This is my first Kazuo Ishiguro and I’m still mulling it over, always the sign of a book that is going to stick with me. There’s a light plot in The Remains of the Day, but most of it is a character study and an examination of what it means to give your life totally to a vocation. The narrator, Stevens, is a great English butler still recovering from his old employer’s death and trying to come to terms with moving into the last phase of his life. His new employer offers him a chance to go motoring about the country so the reader gets both the narrative of his journey and the narrative of his past relationship with Lord Darlington (his old employer) and Miss Kenton (the old housekeeper) told in flashbacks. This deceptively simple story contains layers of hidden meaning. It’s the kind of book you want to revisit and pull new thoughts and realizations out as you slowly change over the years.
It doesn’t surprise me that The Remains of the Day won the Man Booker Prize. Ishiguro’s writing is at once subtle and stunning. I had heard this book was sad, but although I found much of it melancholy, there was actually a surprising amount of humor in it. In certain ways, this book felt like a modern descendant of Jane Austen. Not in the love story aspect, but in the subtle yet witty writing and in some of the themes of class and behavior. Ishiguro treats his character with compassion and empathy, but he gently pokes fun at his character deficiencies in the same way Austen does with her supporting characters like Mr. Collins in Pride and Prejudice or the Middletons in Sense and Sensibility.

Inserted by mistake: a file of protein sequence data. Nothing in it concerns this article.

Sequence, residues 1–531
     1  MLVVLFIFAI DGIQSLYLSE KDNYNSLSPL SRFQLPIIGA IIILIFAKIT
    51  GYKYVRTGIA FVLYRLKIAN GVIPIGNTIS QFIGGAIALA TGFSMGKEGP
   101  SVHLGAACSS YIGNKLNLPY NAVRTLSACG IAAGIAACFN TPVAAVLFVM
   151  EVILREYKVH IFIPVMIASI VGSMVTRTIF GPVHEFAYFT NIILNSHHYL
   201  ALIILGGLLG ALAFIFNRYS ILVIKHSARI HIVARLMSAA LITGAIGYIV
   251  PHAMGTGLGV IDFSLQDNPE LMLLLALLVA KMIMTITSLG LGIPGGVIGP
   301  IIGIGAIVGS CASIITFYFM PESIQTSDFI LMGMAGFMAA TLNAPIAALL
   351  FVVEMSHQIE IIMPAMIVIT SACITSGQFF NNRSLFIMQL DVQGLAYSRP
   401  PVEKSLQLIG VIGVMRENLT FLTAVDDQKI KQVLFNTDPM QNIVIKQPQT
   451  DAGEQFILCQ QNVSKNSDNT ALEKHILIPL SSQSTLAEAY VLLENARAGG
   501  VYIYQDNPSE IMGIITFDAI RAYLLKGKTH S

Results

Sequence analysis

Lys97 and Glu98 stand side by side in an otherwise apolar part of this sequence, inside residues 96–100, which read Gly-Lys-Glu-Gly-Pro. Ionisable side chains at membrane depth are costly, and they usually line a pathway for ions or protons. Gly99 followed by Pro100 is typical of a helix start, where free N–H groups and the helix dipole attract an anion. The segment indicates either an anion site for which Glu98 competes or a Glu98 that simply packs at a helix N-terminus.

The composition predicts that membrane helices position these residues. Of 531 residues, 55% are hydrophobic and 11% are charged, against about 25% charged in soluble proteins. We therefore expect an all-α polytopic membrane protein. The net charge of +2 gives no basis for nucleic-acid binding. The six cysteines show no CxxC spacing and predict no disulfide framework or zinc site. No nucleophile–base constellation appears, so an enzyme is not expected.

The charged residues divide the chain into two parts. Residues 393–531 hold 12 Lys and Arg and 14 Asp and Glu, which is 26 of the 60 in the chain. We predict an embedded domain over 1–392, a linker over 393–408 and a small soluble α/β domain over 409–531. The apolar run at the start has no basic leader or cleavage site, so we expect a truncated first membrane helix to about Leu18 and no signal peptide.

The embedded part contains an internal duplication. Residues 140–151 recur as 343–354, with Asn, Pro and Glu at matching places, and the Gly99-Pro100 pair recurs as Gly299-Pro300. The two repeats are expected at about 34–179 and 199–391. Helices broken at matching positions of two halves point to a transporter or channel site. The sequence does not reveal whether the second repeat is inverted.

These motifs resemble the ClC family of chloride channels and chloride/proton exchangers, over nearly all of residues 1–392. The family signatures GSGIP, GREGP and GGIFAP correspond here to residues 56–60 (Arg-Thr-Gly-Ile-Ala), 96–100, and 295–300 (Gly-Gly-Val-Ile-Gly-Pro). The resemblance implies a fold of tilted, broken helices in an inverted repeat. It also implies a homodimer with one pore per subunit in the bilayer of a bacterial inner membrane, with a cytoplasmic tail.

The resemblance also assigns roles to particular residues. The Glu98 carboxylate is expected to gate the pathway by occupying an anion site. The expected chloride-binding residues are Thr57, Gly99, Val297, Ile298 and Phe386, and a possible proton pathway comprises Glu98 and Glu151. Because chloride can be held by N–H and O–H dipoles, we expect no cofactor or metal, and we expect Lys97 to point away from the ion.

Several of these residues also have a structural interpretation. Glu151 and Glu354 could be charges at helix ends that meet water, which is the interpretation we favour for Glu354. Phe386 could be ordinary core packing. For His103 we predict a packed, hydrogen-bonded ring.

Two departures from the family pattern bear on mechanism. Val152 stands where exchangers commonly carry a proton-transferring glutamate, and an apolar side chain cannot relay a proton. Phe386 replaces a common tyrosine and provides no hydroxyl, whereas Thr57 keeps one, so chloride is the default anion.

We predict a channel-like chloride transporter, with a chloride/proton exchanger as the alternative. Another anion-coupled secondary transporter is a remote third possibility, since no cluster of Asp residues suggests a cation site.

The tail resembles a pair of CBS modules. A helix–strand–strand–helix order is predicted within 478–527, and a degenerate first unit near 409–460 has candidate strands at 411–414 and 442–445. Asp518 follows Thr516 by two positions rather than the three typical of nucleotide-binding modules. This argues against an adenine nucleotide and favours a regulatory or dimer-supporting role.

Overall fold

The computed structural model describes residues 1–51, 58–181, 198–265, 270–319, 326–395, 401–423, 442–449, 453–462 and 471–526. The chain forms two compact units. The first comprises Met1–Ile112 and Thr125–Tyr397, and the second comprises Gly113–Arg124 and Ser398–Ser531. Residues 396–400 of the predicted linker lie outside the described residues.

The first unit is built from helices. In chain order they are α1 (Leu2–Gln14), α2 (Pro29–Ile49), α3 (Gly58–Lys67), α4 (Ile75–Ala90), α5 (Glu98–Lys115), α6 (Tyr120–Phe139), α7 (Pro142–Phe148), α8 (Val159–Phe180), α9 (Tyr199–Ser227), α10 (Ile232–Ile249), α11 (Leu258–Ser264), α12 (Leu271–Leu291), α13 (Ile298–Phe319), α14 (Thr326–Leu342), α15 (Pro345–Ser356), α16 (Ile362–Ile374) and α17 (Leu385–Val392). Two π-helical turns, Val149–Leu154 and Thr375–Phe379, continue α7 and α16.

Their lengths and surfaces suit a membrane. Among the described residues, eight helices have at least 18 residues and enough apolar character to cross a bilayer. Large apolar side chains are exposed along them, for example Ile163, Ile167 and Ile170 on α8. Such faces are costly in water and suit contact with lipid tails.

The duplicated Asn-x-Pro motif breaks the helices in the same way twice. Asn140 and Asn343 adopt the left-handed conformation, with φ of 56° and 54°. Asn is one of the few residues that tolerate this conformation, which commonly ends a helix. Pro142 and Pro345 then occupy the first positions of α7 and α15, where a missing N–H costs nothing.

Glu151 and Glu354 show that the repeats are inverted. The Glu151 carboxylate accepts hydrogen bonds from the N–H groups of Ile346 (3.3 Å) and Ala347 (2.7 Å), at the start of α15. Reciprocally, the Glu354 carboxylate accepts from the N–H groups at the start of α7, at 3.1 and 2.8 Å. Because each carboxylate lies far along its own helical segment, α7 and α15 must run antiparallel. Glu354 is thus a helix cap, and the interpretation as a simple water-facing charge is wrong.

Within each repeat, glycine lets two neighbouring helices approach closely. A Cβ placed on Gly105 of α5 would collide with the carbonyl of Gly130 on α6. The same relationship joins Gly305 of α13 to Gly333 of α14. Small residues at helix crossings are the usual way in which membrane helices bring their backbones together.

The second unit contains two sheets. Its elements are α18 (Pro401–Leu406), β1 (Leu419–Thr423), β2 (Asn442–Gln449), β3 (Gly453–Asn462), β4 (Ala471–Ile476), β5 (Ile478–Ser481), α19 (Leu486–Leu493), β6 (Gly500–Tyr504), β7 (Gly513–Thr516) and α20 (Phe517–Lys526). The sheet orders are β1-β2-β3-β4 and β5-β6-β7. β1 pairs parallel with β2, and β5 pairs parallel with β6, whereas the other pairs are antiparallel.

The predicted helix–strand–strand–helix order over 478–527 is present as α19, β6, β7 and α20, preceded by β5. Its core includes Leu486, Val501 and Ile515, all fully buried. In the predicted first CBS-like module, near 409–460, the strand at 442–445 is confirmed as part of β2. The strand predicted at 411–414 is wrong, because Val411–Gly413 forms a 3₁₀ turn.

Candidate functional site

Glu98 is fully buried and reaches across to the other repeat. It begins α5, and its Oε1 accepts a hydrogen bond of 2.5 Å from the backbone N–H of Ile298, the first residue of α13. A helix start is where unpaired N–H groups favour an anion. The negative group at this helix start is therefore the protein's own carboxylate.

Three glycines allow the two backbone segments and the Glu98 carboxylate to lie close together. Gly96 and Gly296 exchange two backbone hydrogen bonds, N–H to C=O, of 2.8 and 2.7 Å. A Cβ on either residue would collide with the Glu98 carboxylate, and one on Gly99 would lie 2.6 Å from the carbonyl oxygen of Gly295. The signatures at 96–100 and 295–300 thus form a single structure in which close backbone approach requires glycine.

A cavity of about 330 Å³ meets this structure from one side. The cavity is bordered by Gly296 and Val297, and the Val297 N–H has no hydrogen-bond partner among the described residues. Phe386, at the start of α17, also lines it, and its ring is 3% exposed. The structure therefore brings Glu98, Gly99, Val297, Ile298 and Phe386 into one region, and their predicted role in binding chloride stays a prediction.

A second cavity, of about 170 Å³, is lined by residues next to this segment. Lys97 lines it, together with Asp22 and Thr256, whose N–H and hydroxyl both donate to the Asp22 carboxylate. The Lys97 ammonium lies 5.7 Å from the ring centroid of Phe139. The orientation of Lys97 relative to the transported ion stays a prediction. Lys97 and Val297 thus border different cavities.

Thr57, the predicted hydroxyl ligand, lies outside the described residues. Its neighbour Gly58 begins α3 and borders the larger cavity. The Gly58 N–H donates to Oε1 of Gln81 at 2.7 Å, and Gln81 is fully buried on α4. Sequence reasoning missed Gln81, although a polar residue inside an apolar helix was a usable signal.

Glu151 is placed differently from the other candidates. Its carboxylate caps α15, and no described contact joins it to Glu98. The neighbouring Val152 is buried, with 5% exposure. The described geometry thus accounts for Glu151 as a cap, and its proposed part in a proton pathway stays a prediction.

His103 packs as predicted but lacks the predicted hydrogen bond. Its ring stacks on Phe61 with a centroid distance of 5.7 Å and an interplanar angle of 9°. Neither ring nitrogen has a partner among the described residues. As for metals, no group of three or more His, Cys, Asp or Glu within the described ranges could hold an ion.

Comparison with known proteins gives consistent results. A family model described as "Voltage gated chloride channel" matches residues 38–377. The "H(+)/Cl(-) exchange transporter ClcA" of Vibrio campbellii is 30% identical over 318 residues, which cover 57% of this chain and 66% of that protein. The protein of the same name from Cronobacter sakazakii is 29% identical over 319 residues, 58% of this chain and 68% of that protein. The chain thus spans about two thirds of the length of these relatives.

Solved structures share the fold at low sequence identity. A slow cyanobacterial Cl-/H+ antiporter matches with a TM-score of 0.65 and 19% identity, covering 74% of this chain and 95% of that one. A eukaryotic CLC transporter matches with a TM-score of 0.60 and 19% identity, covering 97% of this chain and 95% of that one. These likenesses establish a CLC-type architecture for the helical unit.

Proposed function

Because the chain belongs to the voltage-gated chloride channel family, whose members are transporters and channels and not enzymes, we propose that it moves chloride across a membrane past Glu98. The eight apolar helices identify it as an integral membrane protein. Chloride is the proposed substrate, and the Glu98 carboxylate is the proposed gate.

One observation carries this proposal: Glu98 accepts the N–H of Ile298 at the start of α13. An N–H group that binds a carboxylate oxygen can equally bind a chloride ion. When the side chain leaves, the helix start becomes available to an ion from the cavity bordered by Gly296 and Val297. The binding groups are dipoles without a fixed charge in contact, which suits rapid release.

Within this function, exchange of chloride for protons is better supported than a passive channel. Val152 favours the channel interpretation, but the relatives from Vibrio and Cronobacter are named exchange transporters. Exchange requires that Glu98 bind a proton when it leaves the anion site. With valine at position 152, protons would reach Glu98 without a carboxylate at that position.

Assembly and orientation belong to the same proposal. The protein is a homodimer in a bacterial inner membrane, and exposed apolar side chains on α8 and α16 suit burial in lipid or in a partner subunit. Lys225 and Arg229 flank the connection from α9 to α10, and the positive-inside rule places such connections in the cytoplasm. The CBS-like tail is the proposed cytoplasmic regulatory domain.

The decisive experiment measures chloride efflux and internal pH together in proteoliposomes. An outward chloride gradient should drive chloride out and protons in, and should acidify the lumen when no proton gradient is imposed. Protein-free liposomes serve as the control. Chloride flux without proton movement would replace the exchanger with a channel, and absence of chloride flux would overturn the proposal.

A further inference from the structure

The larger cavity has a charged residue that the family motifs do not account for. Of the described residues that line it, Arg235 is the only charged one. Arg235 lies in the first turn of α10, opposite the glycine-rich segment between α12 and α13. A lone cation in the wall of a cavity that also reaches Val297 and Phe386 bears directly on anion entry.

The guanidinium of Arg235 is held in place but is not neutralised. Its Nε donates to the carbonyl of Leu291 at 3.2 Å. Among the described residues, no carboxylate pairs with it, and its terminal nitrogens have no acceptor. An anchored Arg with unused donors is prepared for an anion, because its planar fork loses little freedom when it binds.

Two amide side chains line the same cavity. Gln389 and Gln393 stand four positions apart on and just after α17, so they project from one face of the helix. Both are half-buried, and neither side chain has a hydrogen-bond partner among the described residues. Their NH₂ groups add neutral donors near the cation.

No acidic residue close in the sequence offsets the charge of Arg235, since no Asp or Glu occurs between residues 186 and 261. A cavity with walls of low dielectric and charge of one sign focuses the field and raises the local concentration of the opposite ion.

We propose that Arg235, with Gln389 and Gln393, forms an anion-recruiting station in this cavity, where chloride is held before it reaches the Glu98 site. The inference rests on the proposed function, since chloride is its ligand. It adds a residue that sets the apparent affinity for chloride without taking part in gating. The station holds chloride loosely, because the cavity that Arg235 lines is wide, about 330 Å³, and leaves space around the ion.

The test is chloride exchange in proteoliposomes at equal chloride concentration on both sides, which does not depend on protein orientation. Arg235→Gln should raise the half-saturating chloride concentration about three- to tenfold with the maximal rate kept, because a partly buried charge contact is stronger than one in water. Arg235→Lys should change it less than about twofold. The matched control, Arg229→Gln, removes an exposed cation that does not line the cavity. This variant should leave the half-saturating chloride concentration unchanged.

I want to say I’d recommend this book to anybody, but I’m not sure everyone would like it. If you’re someone who needs a strong plot that moves quickly, this isn’t your book. If you’re someone who likes character development and subtlety, you must read The Remains of the Day. It’s a lovely piece of writing sure to stay with you long after you finish it.